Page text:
This weekend I will head off to
One of the things we discussed was my request last year that AMREF develop a disclosure policy, which will spell what sorts of information they will made publicly available, and under what circumstances. Much to my surprise, that policy has already been developed and approved by the Board in November, but nobody had told me, nor had it’s existence been made public via the AMREF website. This does seem to almost defeat the purpose of the policy, which is unfortunate, since the intentions expressed in the policy do seem positive.
PS: Since that discussion a copy has now been made available on the AMREF website. My questions to you, the reader, are: What do you think of it? How could it be improved? For comparison, here is a similar sort of policy developed by ActionAid.
In the same meeting we also discussed my visit schedule in
As well as the tasks listed in my Terms of Reference there are many other questions I would like to explore during my visit. Most of these have been prompted by my reading of AMREF’s project documents over the last month, and by reading the Guardian Katine blogs. Here are some of them:
People’s participation: What did the community needs assessments find out about the existence of different community views on development needs in Katine? It is highly unlikely that in a population of 25,000 that they all had the same set of priorities. People’s views are likely to vary by gender, age, and location, at least. How have these views affected the project design?
And in AMREF’s Monitoring and Evaluation Plan for the project, what role will community groups have in monitoring and evaluation of the project? How often will their views be sought? How will those views then feed into decision making about how the project develops? [These questions relate to the equity and relevance dimension of my evaluation work]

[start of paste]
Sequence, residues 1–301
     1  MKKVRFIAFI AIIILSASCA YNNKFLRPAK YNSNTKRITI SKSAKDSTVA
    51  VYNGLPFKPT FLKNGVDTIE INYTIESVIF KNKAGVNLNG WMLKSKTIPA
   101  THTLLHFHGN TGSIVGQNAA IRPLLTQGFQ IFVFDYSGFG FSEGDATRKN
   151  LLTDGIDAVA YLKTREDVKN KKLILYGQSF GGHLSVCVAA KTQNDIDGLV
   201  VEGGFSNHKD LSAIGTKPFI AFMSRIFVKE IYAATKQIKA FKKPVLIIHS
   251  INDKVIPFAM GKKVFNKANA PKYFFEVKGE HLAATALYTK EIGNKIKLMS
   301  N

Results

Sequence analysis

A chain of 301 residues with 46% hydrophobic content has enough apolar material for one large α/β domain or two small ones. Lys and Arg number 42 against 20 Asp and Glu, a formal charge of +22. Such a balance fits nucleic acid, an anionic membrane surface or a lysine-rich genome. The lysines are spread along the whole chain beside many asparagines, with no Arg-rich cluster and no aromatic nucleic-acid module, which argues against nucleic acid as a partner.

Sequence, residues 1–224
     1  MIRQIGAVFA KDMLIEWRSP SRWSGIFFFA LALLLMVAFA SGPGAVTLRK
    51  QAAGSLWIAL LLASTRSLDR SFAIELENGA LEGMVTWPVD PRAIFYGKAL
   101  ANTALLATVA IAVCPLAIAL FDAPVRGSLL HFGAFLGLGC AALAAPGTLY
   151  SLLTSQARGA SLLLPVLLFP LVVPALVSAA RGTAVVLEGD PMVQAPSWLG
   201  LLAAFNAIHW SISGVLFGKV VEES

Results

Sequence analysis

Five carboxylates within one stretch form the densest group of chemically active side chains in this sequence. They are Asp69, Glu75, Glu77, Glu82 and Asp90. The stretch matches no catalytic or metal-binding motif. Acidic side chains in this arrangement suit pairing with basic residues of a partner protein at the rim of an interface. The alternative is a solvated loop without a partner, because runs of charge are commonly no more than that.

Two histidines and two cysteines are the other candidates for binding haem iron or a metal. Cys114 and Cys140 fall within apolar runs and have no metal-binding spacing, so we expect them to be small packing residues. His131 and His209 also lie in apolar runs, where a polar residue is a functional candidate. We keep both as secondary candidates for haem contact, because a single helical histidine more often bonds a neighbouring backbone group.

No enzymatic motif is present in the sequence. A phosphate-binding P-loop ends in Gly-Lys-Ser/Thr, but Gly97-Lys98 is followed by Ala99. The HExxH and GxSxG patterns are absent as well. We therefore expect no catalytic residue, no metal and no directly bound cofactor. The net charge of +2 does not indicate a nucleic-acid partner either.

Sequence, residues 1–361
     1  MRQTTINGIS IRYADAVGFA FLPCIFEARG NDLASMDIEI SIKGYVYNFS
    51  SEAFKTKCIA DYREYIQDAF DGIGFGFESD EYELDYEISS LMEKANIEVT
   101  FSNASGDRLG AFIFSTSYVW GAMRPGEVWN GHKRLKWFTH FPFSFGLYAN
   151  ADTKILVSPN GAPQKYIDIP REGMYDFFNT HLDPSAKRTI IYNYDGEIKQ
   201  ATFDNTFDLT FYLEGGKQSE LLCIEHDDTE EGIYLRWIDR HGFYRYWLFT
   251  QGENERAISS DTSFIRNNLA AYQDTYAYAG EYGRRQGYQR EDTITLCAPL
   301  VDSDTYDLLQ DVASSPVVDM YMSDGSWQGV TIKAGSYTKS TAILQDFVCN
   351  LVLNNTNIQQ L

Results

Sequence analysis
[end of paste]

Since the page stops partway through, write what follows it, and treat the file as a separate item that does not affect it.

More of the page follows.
Project strategy: Will the project be aiming to assist the whole population evenly, or will it be targeting some groups more than others? Do AMREF have enough staff and financial resources to reach the whole population? Will the various developments in water supply, health and livelihoods be focused at different target groups, or it is essential that a given group of people experience the combined impact of all these developments? How much information is available at this stage about the distribution of the population through the sub-county, and various government services? Could a map of these be made available on the Guardian Katine website, which could be continually updated and unfilled with information, as the project progresses?
Project impact: Where will the impact of the project be most visible in three years time? Will it be in changes in school attendance and completion, changes in people’s health, or changes in their livelihoods? Will the proposed baseline survey enable AMREF to track the changes that are taking place, and separate out the effects of AMREFs inputs, from the effects of other changes taking place in the society and economy? What about unexpected changes that may not have been planned for? How will they be given adequate attention? Is the monitoring and evaluation plan realistic? Is it too ambitious in terms of the information that will be collected?
Sustainability: How will the impact of the assistance provided by AMREF be sustained in the future? Will government be better able, or more willing, to take responsibility for delivering good quality health and education services?Transparency: What mechanisms does AMREF have for transparency at the local (Katine) level, as distinct from via its website and that of the Guardian? Which of the various project documents produced so far has AMREF made publicly available? What else could be made available right now? What problems, if any, are arising because of this transparency?
If there are other issues you think I should be looking at, please add your comments below.